Kevin Morby – Still Life

kevin-morby-stilllife

Rating: ★★★★ ·

You may know Kevin Morby better through his other projects such as The Babies, or has bass work in Woods. However, Still Life is his second release for this solo development, a follow up to Harlem River, which came out last year. If you’re still only familiar with this man’s other achievements, it’s time to bust out your headphones or your speakers and have a listen to Still Life, which shows the pure talent that you already knew Morby possessed, but channeled in a raw and real form; the sincerity of this record will have you coming back to it over and over again.

The album comes to you humbly and asks you to “take [it] as you feel—” a line that comes on “Amen,” which you won’t come to until later, but this is an instance of the songwriting aptly describing the listening experience. From the moment you press play on opening “The Jester, The Tramp & The Acrobat,” you get this gentle undercurrent of a rhythm that carries you along while Morby, addressing you as a friend, opens up. The song begins to flesh itself out, transitioning from soft drums and acoustic guitar to some licking electric guitar and a change to a faster pace. Here, we get a bit of a preview as to what this album has in store for us: we get both a subtle and simple side well as the intricately crafted indie-rock-and-roll jam side, all of which is coated in a residual gravity in the songwriting.

While it’s hard to pick a favorite aspect of this record to focus on—both the instrumentation and the lyrics work together in a fantastic combination of mood—the lyrics are constantly are working at your heart, begging for you to let them in. Take any track on this record and you can find a line or two that is stunning in its nature, even removed from context. On a song by song basis, there are numbers like “Drowning” and “All Of My Life” which grip you from start to finish, tying together lines like the threads in a tapestry, leaving you simply stunned at the end product. Here is a man pouring what seems to be the contents of his soul into his craft, laying it all out for you in a sometimes delicate, sometimes rock and roll fueled context.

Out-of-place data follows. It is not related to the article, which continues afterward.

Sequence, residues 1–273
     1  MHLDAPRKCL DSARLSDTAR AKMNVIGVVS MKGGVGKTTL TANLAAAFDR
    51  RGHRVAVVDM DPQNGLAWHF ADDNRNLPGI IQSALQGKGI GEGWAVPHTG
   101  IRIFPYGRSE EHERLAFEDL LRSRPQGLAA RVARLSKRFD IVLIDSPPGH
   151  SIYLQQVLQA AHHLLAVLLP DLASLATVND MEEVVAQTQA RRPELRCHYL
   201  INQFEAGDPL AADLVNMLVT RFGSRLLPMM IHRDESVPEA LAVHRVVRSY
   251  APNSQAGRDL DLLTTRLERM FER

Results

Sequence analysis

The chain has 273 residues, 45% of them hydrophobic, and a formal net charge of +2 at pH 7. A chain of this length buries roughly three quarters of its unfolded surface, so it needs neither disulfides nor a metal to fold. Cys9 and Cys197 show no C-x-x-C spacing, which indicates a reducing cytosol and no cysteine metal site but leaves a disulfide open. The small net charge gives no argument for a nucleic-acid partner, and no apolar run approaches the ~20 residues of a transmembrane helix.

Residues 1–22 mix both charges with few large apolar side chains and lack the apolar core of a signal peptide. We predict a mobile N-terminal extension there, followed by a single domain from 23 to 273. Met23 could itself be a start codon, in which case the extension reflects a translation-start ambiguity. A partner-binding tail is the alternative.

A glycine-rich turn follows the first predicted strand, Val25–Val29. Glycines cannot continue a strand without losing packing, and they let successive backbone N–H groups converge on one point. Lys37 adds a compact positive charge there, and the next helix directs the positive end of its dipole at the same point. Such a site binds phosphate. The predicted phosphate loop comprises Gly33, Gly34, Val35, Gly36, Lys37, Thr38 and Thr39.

To put it bluntly and with a cliché, listening to this record feels a bit like falling in love; by the time I reached the ending of Still Life, I was already itching to restart and do it all over again, following Morby through the highs of the jams and especially the lows in his lyrics. It’s all good, and it’s all waiting for you to fall into its depths.

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